The unintuitive latency over throughput problem

Since 15.01.2015, I am teaching a course about Elixir programming language. It is created by José Valim, who is Rails Core Team Member. He knew, that Erlang virtual machine easily solves problems, that are hard to solve in Ruby, mainly concurrency. During my first presentation, I had couple of slides, that showed, what is so great about Erlang VM, that José picked it for implementing the Ruby successor.

I will not go into details about all technical aspects, but there was one, that was particularly hard to understand: latency over throughput. To understand this problem better, you have to know one thing about scheduling. Erlang gives you very lightweight processes, but this feature is not unique. Go has goroutines, Scala has Akka library and other programming languages start to provide libraries to mimic this. But Erlang gives you also preemptive scheduling, which is really unique feature.

I tried to find something about preemptive scheduling in other languages. I’ve found articles about plans to add it in Go and Akka, but as far as I know, it is not quite there yet (correct me in comments, if I am wrong!).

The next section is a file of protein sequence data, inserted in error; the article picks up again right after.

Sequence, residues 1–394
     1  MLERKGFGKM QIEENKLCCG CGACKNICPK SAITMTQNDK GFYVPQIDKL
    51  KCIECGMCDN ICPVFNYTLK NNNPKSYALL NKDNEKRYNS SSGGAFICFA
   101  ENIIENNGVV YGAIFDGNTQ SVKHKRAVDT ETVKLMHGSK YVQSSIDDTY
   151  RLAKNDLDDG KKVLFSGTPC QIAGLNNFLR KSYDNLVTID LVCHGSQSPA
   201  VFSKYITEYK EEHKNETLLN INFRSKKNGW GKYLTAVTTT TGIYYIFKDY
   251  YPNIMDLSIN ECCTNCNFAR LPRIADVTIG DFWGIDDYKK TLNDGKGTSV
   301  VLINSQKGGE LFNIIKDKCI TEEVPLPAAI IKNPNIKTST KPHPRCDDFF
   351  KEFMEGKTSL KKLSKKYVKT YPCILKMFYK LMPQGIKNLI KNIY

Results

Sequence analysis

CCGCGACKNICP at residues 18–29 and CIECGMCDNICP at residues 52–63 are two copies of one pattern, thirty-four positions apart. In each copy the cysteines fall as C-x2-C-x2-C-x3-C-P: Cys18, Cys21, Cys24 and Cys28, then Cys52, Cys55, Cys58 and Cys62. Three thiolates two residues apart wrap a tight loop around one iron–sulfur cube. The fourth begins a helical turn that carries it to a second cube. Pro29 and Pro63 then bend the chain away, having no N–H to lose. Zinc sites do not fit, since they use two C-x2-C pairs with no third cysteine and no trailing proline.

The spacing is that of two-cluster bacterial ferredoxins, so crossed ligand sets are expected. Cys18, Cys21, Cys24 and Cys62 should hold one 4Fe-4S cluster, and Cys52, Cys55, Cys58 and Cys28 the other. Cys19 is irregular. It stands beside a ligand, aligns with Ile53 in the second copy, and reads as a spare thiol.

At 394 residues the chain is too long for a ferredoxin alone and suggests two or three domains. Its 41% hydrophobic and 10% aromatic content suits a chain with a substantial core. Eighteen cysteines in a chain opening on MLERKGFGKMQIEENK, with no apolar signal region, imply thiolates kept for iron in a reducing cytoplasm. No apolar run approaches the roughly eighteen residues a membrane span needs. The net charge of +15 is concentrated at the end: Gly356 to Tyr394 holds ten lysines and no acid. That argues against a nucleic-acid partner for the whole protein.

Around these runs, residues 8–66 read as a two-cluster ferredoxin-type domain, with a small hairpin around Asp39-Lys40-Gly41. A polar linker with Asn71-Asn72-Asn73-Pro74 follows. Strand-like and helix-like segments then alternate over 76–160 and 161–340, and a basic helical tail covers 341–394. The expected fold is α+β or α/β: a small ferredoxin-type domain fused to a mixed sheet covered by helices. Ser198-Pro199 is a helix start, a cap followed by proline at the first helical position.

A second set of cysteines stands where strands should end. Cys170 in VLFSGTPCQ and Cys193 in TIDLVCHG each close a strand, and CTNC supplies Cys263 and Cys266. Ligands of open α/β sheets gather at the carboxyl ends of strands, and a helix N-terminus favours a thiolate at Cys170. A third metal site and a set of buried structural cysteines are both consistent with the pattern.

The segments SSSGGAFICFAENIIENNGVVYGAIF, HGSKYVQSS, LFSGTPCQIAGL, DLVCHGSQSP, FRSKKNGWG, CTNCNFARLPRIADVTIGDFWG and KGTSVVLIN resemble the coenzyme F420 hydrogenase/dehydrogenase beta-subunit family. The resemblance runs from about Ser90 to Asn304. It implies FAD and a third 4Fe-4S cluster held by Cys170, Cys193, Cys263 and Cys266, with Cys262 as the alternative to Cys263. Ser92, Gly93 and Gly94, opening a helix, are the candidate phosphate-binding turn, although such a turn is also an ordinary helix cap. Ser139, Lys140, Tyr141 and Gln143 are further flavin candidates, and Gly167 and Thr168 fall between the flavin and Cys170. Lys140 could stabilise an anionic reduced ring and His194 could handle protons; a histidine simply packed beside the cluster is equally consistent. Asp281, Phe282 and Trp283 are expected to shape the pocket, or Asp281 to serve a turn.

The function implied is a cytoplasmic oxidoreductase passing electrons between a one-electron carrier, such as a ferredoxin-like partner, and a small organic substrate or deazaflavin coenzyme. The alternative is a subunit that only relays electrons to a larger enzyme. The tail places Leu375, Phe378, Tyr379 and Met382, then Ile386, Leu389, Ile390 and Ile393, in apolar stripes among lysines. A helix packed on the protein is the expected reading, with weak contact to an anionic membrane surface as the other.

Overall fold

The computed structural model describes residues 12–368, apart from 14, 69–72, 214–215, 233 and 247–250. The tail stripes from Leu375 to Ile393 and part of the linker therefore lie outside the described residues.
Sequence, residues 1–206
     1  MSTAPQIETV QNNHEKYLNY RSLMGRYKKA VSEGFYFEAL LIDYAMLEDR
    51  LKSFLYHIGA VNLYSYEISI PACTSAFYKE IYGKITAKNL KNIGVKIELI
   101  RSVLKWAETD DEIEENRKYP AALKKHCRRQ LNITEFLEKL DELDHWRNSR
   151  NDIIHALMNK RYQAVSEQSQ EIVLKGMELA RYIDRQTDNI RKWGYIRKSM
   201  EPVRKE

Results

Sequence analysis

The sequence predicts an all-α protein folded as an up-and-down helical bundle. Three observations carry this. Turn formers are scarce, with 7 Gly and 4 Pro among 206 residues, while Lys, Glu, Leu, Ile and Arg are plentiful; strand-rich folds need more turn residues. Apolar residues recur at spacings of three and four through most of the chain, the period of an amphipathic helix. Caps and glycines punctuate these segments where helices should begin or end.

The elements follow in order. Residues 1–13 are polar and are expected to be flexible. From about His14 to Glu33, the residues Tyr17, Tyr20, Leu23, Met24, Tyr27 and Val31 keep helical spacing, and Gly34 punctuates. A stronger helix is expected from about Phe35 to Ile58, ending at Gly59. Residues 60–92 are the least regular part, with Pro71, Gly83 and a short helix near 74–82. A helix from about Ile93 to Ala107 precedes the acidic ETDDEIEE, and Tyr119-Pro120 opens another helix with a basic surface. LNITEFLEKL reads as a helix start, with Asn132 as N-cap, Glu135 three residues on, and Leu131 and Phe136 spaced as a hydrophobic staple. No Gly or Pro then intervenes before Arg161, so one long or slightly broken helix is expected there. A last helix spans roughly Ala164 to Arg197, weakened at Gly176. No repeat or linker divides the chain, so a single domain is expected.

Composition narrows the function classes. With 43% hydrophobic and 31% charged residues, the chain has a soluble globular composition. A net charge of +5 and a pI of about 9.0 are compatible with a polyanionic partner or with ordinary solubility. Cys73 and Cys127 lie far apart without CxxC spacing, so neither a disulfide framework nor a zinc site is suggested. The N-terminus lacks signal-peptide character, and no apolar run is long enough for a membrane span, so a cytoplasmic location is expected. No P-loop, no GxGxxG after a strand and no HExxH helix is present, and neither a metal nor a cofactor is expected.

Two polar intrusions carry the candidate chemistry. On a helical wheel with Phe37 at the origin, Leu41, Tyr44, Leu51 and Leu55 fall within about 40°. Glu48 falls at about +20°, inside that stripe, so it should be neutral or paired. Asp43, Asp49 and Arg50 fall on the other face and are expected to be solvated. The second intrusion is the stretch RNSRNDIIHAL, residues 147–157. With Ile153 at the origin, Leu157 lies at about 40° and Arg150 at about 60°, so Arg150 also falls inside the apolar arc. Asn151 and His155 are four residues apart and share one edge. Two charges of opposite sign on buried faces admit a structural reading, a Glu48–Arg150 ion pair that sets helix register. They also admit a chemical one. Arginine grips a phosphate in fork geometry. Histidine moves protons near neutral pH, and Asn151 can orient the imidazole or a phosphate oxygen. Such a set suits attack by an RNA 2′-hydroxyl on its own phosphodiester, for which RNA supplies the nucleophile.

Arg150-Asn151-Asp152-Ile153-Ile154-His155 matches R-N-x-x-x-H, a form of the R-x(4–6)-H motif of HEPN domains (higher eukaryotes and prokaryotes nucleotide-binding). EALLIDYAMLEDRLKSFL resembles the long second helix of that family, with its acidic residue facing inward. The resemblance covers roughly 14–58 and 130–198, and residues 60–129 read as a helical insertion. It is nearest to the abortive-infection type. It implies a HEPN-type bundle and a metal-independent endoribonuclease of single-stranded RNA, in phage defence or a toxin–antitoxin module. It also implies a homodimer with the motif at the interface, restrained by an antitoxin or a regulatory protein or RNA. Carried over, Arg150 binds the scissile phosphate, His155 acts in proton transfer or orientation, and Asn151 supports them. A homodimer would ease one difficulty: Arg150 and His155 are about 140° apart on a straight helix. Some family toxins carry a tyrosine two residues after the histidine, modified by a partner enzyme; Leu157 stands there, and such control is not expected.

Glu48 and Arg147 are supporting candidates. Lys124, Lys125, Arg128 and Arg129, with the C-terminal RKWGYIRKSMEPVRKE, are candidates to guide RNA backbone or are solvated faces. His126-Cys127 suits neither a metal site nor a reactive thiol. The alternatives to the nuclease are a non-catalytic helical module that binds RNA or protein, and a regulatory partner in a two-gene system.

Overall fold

But what is preemptive scheduling? Without going into details: it means, that a long running process can be paused to give other processes CPU time. Like in operating system, but using light processes and with much, much less overhead :)

Why is this detail important? Because this can reduce latency greatly, which makes user happy. :) How exactly does it work? To answer that problem, lets ask another question.

We have single core, no hyper-threading CPU. There is no parallelism involved. We are testing two web server implementations. We fire 1 000 000 requests and wait until web server returns all responses. First server has no preemptive scheduling. It returns last response after 60 seconds. All responses are correct. Next, we do the same to the server with preemptive scheduler. It finishes processing last request after 90 seconds. Again – all responses are correct.

Which webserver has higher throughput? Which one has lower latency? Which one would you choose?

Throughput question is easy: first one has 1 000 000 / 60 requests per second, which is 16 667 rps. Second one has 11 111 rps, which is worse.

Latency question: It might be tempting to say, that first server has lower latency. If processing all requests was faster, than avarage processing time must be lower, right? WRONG! And I will prove it to you, using counter example consisting of only two requests!

latency-throughput